Inflation is the business opportunity of a lifetime

Inflation? Oh yeah, I’m old enough to remember. As I’m sure you saw, inflation numbers came out red-hot on Thursday, with prices for the month of January rising at an annualized rate of 7.5%, the highest since February 1982. “This is a big shock to me,” says Jian Yang, professor […]

Inflation? Oh yeah, I’m old enough to remember.

As I’m sure you saw, inflation numbers came out red-hot on Thursday, with prices for the month of January rising at an annualized rate of 7.5%, the highest since February 1982. “This is a big shock to me,” says Jian Yang, professor of finance at University of Colorado. “When I hear that this inflation rate is the highest in 40 years, that really causes some concern about a challenge to the U.S. economy.”

So I think it’s worth going back four decades or so to see what caused inflation then, how it was tamed, its collateral effects — and to see how all that applies to today.

First, just a note on how unfamiliar this is. Let’s agree that you’re not aware of an economic phenomenon like inflation until you’re say, 10 years old. Therefore, no American under the age 50 has really experienced inflation. (The population of the U.S. is 329 million and the number of Americans over 50 is about 116 million, which means that 213 million Americans, or some two-thirds of us, have never lived with inflation.)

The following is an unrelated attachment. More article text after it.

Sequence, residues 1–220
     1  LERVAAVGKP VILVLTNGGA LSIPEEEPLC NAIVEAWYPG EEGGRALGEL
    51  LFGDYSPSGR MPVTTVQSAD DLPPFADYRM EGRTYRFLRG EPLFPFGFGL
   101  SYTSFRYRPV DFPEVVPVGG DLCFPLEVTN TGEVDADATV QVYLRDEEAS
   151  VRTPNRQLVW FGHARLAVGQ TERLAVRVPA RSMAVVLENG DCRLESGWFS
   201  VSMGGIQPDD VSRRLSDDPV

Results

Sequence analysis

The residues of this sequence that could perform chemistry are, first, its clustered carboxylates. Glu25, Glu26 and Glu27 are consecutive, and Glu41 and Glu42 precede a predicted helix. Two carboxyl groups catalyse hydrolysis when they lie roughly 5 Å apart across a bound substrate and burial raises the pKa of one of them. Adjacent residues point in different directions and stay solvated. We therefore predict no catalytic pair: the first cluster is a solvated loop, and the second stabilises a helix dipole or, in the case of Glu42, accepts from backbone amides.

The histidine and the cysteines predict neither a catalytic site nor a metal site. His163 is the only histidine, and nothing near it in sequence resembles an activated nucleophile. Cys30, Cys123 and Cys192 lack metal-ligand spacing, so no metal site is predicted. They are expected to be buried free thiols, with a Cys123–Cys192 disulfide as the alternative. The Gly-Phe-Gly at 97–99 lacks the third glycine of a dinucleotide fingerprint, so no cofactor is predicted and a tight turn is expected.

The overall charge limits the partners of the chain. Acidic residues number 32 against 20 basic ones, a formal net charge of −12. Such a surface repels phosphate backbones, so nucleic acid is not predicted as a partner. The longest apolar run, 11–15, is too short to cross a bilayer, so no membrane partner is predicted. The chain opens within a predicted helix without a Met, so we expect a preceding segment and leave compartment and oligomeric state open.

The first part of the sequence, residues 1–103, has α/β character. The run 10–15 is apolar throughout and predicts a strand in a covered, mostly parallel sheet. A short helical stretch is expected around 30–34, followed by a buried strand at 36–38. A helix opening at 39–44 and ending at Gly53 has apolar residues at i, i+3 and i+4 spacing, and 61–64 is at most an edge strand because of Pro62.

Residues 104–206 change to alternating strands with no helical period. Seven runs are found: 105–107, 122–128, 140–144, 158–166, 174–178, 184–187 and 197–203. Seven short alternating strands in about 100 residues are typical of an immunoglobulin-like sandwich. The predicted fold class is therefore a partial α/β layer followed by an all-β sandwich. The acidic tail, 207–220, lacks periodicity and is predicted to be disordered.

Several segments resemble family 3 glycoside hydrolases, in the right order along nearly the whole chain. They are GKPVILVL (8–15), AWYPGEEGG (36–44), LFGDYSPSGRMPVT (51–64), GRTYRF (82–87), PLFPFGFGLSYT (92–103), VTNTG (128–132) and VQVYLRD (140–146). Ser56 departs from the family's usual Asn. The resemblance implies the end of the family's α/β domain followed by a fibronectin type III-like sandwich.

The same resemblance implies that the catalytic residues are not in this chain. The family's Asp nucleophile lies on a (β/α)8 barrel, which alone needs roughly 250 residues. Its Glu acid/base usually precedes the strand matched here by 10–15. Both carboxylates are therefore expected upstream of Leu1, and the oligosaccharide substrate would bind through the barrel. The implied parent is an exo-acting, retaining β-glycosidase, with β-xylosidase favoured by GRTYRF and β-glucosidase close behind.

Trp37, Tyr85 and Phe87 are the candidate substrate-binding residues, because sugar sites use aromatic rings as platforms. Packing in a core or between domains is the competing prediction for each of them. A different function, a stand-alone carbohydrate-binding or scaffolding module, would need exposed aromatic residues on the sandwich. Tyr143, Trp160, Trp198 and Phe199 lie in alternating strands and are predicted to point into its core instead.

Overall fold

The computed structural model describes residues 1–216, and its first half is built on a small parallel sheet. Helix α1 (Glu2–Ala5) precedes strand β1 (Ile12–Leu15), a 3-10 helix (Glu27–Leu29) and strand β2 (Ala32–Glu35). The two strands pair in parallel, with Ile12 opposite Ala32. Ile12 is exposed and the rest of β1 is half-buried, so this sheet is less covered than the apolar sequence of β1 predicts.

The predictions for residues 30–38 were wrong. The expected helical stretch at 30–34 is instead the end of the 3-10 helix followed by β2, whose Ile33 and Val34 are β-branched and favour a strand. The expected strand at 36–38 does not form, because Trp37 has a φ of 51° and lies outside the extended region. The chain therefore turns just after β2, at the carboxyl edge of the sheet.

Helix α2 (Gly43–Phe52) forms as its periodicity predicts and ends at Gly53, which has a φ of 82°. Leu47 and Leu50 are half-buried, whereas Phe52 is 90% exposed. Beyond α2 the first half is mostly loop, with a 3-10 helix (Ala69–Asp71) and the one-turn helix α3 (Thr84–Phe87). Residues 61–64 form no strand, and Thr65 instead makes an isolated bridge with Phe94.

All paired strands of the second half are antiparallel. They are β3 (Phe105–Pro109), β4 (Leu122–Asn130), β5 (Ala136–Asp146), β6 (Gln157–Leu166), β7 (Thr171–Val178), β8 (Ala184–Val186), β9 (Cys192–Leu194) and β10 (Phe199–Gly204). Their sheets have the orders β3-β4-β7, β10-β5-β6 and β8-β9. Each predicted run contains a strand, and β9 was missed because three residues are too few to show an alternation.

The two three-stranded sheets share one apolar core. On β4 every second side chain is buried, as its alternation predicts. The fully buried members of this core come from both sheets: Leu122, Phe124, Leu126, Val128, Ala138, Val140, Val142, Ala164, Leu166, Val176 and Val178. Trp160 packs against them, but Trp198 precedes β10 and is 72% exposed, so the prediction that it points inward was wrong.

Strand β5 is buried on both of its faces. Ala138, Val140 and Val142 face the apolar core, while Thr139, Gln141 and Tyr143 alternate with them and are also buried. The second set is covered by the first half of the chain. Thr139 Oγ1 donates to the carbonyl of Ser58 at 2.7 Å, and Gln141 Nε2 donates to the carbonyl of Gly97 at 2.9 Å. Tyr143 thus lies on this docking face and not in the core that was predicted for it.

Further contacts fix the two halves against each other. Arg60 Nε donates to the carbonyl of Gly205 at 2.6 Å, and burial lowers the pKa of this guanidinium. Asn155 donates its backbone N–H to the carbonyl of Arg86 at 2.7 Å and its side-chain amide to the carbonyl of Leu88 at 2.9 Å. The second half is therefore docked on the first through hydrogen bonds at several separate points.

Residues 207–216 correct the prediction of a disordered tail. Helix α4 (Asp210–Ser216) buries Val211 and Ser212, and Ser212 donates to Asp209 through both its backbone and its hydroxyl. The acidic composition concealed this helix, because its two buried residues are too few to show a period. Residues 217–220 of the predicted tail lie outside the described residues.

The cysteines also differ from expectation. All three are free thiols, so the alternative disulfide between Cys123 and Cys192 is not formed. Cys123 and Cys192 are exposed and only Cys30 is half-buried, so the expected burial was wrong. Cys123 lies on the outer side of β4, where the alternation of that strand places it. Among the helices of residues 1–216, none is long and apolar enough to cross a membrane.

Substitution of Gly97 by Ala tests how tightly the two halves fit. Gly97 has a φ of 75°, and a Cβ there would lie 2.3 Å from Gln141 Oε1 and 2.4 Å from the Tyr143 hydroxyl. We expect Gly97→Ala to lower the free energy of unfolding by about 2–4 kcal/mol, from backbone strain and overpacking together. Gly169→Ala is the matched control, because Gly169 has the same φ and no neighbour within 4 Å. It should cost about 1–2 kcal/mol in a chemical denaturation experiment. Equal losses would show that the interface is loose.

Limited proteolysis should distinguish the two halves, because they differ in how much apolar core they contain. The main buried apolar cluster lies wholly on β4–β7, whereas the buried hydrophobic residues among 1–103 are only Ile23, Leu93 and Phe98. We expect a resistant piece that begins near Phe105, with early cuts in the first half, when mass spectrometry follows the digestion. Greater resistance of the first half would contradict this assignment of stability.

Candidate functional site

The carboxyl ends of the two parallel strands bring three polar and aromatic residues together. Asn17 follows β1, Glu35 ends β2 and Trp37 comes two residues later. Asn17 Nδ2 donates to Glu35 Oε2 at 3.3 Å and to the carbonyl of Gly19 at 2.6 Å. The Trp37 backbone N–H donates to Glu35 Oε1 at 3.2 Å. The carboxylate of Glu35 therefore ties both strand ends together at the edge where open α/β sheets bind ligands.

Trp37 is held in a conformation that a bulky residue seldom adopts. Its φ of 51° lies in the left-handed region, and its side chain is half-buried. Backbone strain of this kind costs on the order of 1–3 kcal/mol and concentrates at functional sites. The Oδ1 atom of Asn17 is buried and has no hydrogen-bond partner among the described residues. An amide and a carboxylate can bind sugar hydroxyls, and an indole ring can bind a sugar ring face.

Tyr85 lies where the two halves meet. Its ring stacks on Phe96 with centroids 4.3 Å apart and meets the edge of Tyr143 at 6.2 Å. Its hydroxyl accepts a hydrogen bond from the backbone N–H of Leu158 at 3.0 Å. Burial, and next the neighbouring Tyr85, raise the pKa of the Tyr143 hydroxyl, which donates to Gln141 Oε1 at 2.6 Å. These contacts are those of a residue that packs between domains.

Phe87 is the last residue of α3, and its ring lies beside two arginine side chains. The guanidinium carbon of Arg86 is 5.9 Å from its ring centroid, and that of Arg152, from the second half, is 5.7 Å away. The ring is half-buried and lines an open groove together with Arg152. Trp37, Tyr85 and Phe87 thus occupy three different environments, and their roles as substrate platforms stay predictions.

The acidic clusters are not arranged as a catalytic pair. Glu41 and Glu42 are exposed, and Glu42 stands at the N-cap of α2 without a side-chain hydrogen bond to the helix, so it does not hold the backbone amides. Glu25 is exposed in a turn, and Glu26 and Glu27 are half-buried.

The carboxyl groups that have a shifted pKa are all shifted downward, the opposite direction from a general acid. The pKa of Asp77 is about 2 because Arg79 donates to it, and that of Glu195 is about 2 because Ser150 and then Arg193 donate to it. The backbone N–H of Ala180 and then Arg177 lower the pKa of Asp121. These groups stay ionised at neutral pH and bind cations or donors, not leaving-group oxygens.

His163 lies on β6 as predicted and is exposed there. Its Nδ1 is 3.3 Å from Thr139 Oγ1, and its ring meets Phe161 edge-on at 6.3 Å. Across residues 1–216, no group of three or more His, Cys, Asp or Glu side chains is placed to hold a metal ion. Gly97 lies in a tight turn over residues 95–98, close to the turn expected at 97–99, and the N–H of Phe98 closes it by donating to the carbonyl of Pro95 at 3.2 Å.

In fact, most of us are used to goods and services getting ever cheaper. This chart shows prices of a number of food items declining over the past 40 years even more than the overall rate of inflation, and even after recently ticking up.

Chart by David Foster, graphics specialist at Yahoo Finance

Let’s now hop in the hot tub time machine and travel back to the last time we faced inflation. Students of economic history may recall reading about those WIN, or Whip Inflation Now, buttons the government sent out. Was that in 1982? No, the buttons came out years earlier, which speaks to a potentially alarming point. By February 1982 inflation was on the downswing. Economists were delighted with that month’s number of 7.6%, a four-year low, down from 11.4% a year earlier. Inflation actually peaked at 14.8% in March 1980. To wit: Nothing to say inflation won’t climb more.

Inflation had been a nagging problem for years back then, starting around 1974 when Gerald Ford was in office. It was in October of that year, with inflation running at 12.2%, that Ford declared inflation “public enemy number one” in a speech before Congress. (I always wondered what James Cagney thought about that public enemy business.)